Catwoman #38 throws a lot at the readers in the aftermath of Selina’s decision to kill Nick and, then Batman shows up!
Previously in Catwoman #37: Selina is forced into making a difficult decision to cement her place as head of the Calabrese Family. Nick dies.
THERE IS SO MUCH GOING ON
Catwoman #38 is the fourth under a new creative team and with Genevieve Valentine helming the past four issues it’s the best Selina Kyle’s stories have been since the launch of the New 52. Now that the world-building is out of the way from the previous issue readers are hit with a lot of story points that are certain to effect the narrative moving forward.
Valentine frames Catwoman #38 with an excerpt from a letter written by Queen Elizabeth I to her cousin and rival. Selina’s monologue makes allusions to the similarities they are as female leaders who have also had to make decisions that have led to the death of some of their family members. These comparisons hold a lot of value, they offer a framing device that could foretell the story about to unfold in the issue, but they also speak to the long history of women in positions of power the cement Selina’s new position in the New 52 continuity.
A major crux of Catwoman #38 is the state of Selina’s relationship with Antonia and when Antonia is hauled in for questioning by the GCPD that all ramps up to a new level. This is then exacerbated by Batman confronting Selina and attempting to both comfort her and deduce her emotional scene in what ultimately reads as a lovely scene between these two characters. Any trust that was developing between Selina and Bruce is short lived when she gives voice to her own self-doubt. By the end of this scene – about halfway through the issue – Selina is almost totally isolated from her entire support system to date. It is my personal hope that we get little cameos of Batman throughout the series, but also comforting to see that Selina can hold a title on her own.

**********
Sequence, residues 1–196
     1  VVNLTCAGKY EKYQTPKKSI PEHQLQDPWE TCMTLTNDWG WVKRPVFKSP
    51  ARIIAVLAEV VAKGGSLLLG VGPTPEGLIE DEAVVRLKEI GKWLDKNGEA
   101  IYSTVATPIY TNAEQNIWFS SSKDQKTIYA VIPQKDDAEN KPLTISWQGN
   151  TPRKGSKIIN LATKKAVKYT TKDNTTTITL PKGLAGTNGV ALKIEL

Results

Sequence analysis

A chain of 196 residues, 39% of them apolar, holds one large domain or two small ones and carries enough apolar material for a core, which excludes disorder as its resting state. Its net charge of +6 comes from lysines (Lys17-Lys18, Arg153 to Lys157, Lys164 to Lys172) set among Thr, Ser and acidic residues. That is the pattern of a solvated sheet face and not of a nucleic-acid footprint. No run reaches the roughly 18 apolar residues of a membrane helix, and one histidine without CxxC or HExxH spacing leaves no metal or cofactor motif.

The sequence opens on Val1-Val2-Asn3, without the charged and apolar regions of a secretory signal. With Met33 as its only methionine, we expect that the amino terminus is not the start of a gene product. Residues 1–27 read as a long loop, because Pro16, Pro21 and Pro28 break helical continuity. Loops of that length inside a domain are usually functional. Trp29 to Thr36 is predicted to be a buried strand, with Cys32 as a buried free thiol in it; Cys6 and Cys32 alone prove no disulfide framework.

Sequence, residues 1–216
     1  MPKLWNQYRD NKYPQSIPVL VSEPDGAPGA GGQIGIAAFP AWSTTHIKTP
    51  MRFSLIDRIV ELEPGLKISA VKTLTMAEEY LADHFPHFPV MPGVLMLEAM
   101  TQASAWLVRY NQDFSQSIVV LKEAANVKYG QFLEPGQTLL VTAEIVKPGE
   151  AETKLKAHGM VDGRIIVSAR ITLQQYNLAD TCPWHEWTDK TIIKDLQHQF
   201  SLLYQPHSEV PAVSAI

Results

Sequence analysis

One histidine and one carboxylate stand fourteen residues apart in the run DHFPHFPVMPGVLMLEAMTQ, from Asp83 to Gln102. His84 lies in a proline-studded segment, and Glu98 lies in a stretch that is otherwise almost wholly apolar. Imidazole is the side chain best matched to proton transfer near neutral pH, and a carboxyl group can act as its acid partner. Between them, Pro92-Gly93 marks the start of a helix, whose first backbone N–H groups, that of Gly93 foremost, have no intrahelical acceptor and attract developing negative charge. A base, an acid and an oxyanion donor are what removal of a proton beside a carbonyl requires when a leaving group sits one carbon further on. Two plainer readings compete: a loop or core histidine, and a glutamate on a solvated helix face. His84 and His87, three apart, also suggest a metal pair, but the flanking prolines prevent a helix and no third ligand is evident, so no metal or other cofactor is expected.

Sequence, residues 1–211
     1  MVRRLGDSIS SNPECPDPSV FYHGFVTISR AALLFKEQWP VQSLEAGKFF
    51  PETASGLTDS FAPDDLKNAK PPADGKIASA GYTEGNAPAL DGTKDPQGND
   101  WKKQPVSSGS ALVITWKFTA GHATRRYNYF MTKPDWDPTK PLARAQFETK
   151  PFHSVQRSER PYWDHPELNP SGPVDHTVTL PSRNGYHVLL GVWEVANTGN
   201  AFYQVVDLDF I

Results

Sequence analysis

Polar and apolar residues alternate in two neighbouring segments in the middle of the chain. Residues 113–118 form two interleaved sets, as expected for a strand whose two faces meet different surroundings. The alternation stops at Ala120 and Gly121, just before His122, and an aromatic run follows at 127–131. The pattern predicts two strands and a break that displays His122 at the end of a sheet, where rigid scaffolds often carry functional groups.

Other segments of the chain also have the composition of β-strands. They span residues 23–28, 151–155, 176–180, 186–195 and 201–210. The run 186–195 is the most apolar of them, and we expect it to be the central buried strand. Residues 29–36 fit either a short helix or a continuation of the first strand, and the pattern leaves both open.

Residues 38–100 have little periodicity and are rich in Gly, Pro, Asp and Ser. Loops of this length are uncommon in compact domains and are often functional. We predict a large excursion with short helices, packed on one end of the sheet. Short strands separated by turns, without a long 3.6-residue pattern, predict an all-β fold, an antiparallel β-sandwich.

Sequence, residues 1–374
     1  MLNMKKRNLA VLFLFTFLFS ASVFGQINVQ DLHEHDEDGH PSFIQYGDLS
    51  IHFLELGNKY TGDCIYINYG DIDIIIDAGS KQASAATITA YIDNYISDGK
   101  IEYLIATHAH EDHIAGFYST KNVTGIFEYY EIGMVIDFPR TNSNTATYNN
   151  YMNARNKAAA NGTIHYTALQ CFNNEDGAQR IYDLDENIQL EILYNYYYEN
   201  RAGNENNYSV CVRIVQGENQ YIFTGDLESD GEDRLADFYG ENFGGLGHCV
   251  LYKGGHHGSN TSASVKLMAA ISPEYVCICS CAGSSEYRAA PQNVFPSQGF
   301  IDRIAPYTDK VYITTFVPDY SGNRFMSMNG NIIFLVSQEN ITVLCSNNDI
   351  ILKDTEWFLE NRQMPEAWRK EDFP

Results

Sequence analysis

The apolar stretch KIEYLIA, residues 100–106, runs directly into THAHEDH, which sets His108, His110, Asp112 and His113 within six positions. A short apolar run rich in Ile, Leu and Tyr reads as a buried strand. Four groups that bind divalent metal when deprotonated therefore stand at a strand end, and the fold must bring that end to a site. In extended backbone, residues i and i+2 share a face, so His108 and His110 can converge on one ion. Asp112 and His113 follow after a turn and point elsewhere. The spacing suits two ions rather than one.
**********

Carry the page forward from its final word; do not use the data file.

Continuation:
Catwoman #38 gives Black Mask his due as Selina’s growing nemesis. Valentine uses Selina’s inherent femininity to her advantage when she illustrates her power in a very dramatic way early on in the issue. The tension between these two crime bosses has been mounting in the past two issues and Selina gets a little bit of a pay off when a successful drug deal gets underway. Though he is certain to remain a mainstay of the Catwoman series, Valentine eases readers with the appearance of a well-known Batman villain in this issue.
While Catwoman #38 develops many different aspects of Selina’s story under this new (female!), writer it has also planted a lot of seeds that are sure to blossom into conflict for Selina that will ideally end in character growth for one of the DC universe’s most important leading ladies. There is a lot thrown at you, but a very satisfying read.
Garry Brown takes on the art duty of Catwoman #38 and grounds this story in its crime and noir roots. His pencils have a lot of sharp angles and edges that make Selina’s Gotham read as a truly dangerous place. With Lee Loughridge’s colours on top Selina strides through a very dirty world.
Occasionally her beauty stands as beacon in this new dark world she has stepped into – for example, there is a scene where Selina, wrapped in a tan trench coat, visits the GCPD headquarters in order to assert her position. Yes, she is corrupt, but in a sea of corruption guised as justice Selina appears as righteous. In contrast, when she shares a scene with Batman the light grey and blue tons in his costume almost bury Selina’s shadowed frame in the darkness – he is the light and she is darkness.
Catwoman #38, aesthetically, is an exercise in showing the readers Selina Kyle’s dual nature and it makes for a very dynamic issue.
THE BOTTOM LINE: PICK UP CATWOMAN
Catwoman #38 is one the best Catwoman stories in recent years. There is so much new ground for Selina to break in this new position as a crime boss. No, she did not appear in this issue as Catwoman and, yes, there’s a lot going on, but so rewarding. It would behoove fans of the character to pick up this issue.